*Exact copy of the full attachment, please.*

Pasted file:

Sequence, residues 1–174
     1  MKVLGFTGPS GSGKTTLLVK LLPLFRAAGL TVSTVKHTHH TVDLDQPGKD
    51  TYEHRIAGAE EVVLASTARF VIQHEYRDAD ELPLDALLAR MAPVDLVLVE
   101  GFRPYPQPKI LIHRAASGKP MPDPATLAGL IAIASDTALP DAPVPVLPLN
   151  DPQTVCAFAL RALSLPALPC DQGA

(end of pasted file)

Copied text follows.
Sequence, residues 1–174
     1  MKVLGFTGPS GSGKTTLLVK LLPLFRAAGL TVSTVKHTHH TVDLDQPGKD
    51  TYEHRIAGAE EVVLASTARF VIQHEYRDAD ELPLDALLAR MAPVDLVLVE
   101  GFRPYPQPKI LIHRAASGKP MPDPATLAGL IAIASDTALP DAPVPVLPLN
   151  DPQTVCAFAL RALSLPALPC DQGA